March 3, 2008 –
Out of Omaha, Nebraska, this story was picked up by the major global news services today:
“OMAHA, Neb. (AP) — Billionaire Warren Buffett said Monday that the U.S. economy is essentially in a recession even if it hasn’t met the technical definition of one yet. Buffett said in an interview with cable network CNBC the reports he gets from the retail businesses his holding company owns show a significant slowdown in purchases. The chairman and CEO of Omaha-based Berkshire Hathaway Inc. said millions of people have also lost equity in their homes because home prices have dropped.
The technical definition of a recession most economists use is two consecutive quarters of negative growth in the nation’s gross domestic product. “I would say, by any commonsense definition, we are in a recession,” Buffett said on CNBC.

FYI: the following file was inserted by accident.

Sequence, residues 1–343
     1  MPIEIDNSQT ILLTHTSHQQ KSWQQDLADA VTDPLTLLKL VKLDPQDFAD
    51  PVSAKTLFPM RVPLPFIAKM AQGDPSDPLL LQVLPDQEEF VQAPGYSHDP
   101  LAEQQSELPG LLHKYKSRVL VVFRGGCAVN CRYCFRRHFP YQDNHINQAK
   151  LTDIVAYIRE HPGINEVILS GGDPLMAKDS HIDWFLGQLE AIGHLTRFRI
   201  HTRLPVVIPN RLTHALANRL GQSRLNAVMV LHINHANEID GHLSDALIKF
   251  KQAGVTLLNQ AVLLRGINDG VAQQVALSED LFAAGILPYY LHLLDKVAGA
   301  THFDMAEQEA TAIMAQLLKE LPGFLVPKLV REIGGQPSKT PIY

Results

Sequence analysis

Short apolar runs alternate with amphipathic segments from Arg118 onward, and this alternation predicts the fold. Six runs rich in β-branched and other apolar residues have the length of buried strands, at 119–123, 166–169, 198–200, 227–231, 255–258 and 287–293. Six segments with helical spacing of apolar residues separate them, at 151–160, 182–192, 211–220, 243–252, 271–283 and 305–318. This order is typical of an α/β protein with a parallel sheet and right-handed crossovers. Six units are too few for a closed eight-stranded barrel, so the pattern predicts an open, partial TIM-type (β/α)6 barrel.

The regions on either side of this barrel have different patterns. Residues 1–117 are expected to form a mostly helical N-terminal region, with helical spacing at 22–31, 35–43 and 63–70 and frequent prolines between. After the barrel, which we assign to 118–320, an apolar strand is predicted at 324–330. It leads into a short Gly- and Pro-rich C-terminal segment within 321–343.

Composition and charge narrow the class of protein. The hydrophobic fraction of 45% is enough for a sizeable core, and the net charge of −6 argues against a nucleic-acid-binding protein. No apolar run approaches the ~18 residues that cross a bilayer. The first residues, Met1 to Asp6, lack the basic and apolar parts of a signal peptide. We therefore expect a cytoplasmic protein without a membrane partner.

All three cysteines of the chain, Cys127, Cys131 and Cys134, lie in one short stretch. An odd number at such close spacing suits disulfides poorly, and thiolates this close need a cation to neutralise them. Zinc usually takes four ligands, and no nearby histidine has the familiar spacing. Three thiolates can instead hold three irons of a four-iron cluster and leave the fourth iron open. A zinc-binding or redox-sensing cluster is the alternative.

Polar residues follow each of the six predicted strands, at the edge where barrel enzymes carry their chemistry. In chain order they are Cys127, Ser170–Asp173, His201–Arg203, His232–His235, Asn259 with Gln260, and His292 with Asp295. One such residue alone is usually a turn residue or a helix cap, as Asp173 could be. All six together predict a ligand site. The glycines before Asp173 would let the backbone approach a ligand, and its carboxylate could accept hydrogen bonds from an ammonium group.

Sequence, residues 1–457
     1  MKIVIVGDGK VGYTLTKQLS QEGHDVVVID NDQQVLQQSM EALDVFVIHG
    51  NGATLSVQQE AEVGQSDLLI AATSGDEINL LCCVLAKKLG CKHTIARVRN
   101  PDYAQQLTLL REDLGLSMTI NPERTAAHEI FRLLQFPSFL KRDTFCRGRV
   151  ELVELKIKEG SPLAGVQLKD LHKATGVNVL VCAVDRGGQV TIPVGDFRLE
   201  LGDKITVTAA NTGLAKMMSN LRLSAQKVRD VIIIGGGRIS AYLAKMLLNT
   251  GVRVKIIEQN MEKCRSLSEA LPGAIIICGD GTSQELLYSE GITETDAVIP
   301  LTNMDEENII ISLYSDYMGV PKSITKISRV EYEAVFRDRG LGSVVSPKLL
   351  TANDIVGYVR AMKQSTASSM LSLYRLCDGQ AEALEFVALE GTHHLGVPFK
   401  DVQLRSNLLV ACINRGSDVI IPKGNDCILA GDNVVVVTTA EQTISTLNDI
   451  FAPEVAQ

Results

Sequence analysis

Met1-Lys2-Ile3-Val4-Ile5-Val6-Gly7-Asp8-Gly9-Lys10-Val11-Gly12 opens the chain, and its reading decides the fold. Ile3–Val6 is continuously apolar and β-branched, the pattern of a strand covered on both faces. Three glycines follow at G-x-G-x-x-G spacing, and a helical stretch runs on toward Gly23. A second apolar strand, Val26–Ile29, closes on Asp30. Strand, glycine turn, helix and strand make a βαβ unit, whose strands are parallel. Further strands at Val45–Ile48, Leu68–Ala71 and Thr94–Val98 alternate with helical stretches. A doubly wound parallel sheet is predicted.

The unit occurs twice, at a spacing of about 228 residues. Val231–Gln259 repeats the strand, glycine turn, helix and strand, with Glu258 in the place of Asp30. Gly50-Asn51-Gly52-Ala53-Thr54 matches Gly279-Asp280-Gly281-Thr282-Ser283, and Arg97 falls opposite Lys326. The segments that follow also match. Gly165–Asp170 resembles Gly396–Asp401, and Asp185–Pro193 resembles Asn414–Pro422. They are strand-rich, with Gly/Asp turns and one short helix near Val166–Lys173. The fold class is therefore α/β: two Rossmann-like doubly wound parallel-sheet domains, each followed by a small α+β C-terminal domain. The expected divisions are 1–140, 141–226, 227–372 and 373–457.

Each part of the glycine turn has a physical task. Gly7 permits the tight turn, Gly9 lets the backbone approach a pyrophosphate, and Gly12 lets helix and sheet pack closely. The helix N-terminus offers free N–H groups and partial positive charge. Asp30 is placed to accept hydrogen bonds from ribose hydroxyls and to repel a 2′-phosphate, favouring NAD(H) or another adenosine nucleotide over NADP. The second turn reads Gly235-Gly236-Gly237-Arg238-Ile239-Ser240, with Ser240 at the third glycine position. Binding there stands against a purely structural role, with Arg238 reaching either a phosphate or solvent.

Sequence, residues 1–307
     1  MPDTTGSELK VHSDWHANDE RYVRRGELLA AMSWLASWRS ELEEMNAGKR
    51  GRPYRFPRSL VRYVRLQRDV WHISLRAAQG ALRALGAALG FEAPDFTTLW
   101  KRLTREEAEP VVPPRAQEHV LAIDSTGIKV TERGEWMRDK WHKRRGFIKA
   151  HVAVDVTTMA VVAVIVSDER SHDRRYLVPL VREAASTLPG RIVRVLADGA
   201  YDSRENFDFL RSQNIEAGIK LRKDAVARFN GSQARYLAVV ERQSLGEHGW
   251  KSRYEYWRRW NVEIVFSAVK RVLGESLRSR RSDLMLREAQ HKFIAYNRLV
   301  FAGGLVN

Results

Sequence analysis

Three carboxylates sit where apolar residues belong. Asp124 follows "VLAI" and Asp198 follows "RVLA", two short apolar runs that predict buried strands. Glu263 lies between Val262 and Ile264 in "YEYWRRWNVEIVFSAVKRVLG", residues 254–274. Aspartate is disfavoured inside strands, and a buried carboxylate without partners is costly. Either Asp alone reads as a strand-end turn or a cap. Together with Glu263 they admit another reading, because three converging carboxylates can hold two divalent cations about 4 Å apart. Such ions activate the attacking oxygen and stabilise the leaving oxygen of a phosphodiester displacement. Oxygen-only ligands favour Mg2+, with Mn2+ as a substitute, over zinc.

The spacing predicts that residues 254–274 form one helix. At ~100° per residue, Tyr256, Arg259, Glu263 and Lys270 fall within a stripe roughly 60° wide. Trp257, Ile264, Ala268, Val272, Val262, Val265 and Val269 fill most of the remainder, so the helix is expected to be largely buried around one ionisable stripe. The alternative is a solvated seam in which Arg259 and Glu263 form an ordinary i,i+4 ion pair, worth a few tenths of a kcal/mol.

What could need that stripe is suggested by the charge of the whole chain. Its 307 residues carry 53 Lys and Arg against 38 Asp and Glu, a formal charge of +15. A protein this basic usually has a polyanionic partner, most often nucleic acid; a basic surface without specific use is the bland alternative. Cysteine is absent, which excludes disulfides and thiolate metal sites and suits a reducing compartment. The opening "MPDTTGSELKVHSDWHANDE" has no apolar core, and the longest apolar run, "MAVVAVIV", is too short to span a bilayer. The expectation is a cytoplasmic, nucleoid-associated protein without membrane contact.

Four weeks earlier, I wrote an article on this very blog called, “Is Recession in the U.S. Coming? We’re Already in One”, that received almost zero attention even though, in essence, I said exactly the same thing Warren Buffet said. And thus, this is just another example of people needing someone famous to say something to consider it newsworthy or more importantly, trustworthy. I’ve already given you a plethora of reasons on this blog as to why you can never trust the commercial investment industry, yet when Goldman Sachs declared shorting gold as one of their top 10 trades at the end of last year and gave price targets of $600 to $650 an ounce, thousands and thousands of the sheep herd worldwide undoubtedly sold out of their positions in gold upon this stark pronouncement regarding the doomed future of gold by such a huge investment “authority”
As I only have about 10 free minutes today, this will unfortunately be an extremely abbreviated entry; however, there’s plenty more online at this blog to read about the truth of the underlying economy and premium, information here for our subscribers only about how to make a fortune from this coming global economic crisis.
[tags]economic crisis, U.S. recession, U.S. bear market[/tags]